Issue: 520

College News

Ag Career Day to Conclude Ag Week Oct. 21
Ag Career Day, scheduled for Oct. 21, is already full with 160 companies signed up to participate. It will be from 9 a.m. to 3 p.m. in the Memorial Union. The annual job fair will fall on the last day of Ag Week, which is scheduled to begin Oct. 15. Tents along the walkways on the north side of union are planned to accommodate requests from more companies and could bring the total to 166. The event is the "unofficial" kick-off for the fall recruitment season. Nearly 50 interview schedules are set for the following day.

Growing Marketplace Seeks Iowa State Ag Business Majors
Almost all of Iowa State's agricultural business graduates land jobs right out of school. Mike Gaul, director of the College of Agriculture and Life Sciences Career Services, says one of the best indicators ag business students are in demand is that starting salaries are up.

Documentary on Uganda to Debut Oct. 1
Faculty and staff are invited to the premiere of a documentary Oct. 1 about Iowa State's Center for Sustainable Rural Livelihoods activities in Uganda in association with Volunteer Efforts for Development Concerns (VEDCO) and Makerere University. The event will begin at 5 p.m. in the Curtiss Hall Auditorium. A reception following the filming at about 6:15 p.m. will honor the filmmakers, Ned and Mary Cordery. RSVP by Wednesday, Sept. 24, to Beth Weiser at 4-9332 or

European Space Agency Tabs Hornbuckle for Satellite Project
When he's not teaching in the classroom, or grading his students' work, you may find Brian Hornbuckle, agronomy, checking the results of the European Space Agency. Hornbuckle is featured in Iowa State's "Two Minutes" online feature.

NSF Funds $2.1 Million Soybean Disease Project at ISU
Identifying genes essential for the soybean plant's defense against three major diseases will be the aim of a new $2.1 million research project led by Iowa State. Steve Whitham, plant pathology, leads the four-year project that earned a National Science Foundation grant.

Xin Named Director of Egg Industry Center
Hongwei Xin, agricultural and biosystems engineering, has been named director of the Egg Industry Center at Iowa State. The Iowa Egg Council earlier this year made a $2 million gift commitment to establish the center.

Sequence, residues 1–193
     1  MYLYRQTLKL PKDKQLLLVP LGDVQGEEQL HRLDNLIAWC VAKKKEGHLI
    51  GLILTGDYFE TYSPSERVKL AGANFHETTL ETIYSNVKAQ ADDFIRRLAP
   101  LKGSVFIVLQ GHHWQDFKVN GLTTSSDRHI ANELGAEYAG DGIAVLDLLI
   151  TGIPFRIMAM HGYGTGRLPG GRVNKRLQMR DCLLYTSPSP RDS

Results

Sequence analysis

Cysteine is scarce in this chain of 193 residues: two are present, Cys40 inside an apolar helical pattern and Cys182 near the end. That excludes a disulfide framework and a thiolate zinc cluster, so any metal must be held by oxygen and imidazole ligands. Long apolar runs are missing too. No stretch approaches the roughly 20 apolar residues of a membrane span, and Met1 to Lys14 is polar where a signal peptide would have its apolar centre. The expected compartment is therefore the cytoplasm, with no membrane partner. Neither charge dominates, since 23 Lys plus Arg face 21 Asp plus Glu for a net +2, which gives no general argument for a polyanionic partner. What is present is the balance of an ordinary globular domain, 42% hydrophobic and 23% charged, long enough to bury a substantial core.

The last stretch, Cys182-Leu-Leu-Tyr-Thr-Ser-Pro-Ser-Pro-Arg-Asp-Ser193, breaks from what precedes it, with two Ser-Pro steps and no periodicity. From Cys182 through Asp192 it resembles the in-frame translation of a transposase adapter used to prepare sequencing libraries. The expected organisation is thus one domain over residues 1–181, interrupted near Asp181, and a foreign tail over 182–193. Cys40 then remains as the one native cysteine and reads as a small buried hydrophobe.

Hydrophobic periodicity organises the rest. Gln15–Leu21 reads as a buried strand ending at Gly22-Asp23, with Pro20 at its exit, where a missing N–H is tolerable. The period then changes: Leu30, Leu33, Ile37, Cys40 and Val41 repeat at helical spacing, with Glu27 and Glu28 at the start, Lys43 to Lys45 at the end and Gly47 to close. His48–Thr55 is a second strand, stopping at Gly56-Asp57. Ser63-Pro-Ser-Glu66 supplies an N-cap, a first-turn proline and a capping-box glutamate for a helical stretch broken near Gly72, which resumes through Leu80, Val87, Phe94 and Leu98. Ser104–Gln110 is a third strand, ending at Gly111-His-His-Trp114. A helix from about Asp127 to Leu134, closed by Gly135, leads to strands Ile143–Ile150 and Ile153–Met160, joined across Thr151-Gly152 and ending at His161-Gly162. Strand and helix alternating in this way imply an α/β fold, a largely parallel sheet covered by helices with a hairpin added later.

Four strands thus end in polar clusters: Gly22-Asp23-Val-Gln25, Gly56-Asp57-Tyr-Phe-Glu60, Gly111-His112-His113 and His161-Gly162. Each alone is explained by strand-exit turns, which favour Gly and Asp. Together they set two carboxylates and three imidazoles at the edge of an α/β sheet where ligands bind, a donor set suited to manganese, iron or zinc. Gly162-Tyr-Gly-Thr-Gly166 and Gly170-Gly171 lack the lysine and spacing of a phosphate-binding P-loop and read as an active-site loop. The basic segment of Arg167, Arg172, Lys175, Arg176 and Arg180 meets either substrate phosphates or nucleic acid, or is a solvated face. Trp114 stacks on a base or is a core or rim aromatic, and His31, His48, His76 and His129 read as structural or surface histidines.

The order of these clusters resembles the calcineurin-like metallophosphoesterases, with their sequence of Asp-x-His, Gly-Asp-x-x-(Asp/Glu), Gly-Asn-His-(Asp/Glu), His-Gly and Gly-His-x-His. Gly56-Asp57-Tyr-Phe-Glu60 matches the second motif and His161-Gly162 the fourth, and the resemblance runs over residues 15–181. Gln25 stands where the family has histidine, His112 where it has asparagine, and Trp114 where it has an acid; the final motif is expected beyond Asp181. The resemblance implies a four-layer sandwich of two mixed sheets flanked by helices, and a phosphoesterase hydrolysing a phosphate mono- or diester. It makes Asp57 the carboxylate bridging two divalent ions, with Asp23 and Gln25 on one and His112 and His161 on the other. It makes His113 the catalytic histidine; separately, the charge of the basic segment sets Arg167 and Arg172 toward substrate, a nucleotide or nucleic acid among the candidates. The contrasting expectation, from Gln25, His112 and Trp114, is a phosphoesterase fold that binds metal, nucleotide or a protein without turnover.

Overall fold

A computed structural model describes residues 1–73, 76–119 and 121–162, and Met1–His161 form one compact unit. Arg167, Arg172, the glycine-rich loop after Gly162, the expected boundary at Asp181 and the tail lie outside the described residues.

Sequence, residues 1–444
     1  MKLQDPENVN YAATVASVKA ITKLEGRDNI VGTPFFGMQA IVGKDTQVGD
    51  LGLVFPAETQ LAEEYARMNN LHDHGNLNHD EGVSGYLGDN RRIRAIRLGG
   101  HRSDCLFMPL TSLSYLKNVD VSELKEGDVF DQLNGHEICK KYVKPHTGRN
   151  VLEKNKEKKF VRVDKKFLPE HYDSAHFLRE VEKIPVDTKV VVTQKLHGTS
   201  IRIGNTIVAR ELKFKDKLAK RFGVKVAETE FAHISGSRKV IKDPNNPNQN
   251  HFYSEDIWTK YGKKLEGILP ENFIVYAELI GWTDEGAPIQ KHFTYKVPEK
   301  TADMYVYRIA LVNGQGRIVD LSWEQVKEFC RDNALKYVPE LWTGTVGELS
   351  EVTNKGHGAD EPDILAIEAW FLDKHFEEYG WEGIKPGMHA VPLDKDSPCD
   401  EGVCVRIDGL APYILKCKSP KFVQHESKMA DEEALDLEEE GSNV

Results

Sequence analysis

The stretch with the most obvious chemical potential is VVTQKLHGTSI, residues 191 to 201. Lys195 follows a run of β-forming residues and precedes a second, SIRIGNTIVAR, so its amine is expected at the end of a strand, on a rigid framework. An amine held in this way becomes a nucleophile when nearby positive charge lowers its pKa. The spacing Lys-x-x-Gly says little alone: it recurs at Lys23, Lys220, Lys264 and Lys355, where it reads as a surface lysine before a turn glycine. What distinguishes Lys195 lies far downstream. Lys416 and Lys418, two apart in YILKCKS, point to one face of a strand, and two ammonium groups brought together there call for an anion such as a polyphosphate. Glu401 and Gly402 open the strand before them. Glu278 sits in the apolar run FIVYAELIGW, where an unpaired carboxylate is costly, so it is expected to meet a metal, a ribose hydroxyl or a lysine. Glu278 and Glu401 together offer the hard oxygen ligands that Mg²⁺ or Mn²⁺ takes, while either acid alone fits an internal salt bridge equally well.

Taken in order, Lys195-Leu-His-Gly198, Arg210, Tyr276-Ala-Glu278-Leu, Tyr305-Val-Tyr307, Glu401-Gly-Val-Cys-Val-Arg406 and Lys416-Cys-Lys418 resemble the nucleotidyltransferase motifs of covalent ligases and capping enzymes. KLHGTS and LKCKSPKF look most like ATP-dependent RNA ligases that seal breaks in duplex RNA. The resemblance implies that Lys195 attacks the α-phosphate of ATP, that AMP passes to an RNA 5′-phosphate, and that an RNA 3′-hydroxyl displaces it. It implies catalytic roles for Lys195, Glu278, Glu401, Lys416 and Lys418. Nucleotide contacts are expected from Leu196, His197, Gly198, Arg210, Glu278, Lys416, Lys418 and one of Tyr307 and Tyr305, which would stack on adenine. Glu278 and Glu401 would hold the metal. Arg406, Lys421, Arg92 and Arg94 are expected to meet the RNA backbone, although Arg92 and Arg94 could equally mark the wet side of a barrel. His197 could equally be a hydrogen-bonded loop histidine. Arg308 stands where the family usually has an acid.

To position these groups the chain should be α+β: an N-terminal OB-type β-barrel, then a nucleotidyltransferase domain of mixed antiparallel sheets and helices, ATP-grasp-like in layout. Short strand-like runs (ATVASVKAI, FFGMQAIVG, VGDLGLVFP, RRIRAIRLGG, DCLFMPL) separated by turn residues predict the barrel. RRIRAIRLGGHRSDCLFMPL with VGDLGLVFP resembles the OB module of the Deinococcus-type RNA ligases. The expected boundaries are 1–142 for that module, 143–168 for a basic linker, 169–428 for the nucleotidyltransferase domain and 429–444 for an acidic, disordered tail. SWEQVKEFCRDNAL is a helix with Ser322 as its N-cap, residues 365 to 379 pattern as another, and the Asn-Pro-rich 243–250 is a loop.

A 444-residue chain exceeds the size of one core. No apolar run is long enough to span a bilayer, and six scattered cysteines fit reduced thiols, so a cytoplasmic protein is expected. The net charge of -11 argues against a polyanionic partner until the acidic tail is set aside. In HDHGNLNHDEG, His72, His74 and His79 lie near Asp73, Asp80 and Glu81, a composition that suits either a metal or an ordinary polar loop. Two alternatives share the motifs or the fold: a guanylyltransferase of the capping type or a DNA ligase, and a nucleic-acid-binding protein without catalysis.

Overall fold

New Process Improves Appearance, Odor of Irradiated Beef
Dong Ahn, animal science, has found adding certain natural products to beef before irradiating it allows the meat to maintain a healthy, red appearance and inhibits odors that can result from the process.

Cargill Endows Faculty Chair to Accelerate Biorenewables
Cargill has pledged $1.5 million to establish the Cargill Endowed Chair in Energy Economics. The endowment will help Iowa State recruit a nationally recognized energy economist to accelerate work in biorenewables. More:

Field ay to Cover Sugar Beets for Ethanol Production
Sugar beets as a bioenergy feedstock will be the topic of a special field day Sept. 25 at the Muscatine Island Research and Demonstration Farm. The program will include a review of the 2008 sugar beet-growing experience at Iowa State's Southeast and Muscatine Island research farms.

Allee Farm Opens Corn Maze to Public
The Allee Research and Demonstration Farm is opening a corn maze Sept. 28, Oct. 5 and 12 from 1 to 5 p.m. Admission is a nonperishable food item that will be donated to the local food pantry. The maze is located 1 mile south of Newell at 2010 640th St. Maze.

Bull-Riding Calf-Roping on Tap for Cyclone Stampede Rodeo
Iowa State students will host college rodeo teams from 13 schools for the 46th annual Cyclone Stampede Rodeo, Oct. 2 and 3 in Ames. Performances will be at 7 p.m. both nights at the Iowa State Rodeo Arena, two and one half miles south of the campus on State Avenue.

PIoneer Latin Network Presents Scholarships to Students
Two College students were presented awards last weekend by the Pioneer Latin Network at Pioneer Hi-Bred International Inc. Luis Alvarez, a horticulture senior, received a $1,000 scholarship, and Moisés González, a graduate student in plant breeding, received a $2,000 scholarship. The company annually awards scholarships to students of Latin heritage in Iowa who demonstrate interest, aptitude, energy, attitude and social involvement in their communities. The presentations were made at the Latino Heritage Festival Sept. 20 in Des Moines.

College Junior Named Outstanding Intern
Helena Chemical Co. named agricultural business junior Nick Beedle as its 2008 Outstanding Intern. Beedle worked as a summer sales intern for the past two years in Adair and Guthrie Center. He was selected from a group of 20 interns for his successful internship.